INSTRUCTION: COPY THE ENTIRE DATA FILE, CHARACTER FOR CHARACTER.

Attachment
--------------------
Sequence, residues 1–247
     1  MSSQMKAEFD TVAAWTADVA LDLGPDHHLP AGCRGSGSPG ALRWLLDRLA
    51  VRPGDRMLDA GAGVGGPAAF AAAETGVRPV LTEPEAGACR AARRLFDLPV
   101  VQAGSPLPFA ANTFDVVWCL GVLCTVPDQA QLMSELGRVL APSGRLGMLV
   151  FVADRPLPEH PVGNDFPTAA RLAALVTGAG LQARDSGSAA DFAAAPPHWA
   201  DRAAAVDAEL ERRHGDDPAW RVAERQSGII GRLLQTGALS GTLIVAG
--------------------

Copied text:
Sequence, residues 1–247
     1  MSSQMKAEFD TVAAWTADVA LDLGPDHHLP AGCRGSGSPG ALRWLLDRLA
    51  VRPGDRMLDA GAGVGGPAAF AAAETGVRPV LTEPEAGACR AARRLFDLPV
   101  VQAGSPLPFA ANTFDVVWCL GVLCTVPDQA QLMSELGRVL APSGRLGMLV
   151  FVADRPLPEH PVGNDFPTAA RLAALVTGAG LQARDSGSAA DFAAAPPHWA
   201  DRAAAVDAEL ERRHGDDPAW RVAERQSGII GRLLQTGALS GTLIVAG